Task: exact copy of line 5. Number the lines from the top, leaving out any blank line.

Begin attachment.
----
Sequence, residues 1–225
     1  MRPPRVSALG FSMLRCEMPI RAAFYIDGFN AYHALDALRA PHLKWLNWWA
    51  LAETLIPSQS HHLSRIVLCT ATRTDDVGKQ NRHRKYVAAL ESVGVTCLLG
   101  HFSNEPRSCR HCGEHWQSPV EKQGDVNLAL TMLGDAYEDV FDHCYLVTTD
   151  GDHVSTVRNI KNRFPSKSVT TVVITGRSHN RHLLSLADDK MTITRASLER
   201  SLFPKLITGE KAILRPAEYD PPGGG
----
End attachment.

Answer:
   151  GDHVSTVRNI KNRFPSKSVT TVVITGRSHN RHLLSLADDK MTITRASLER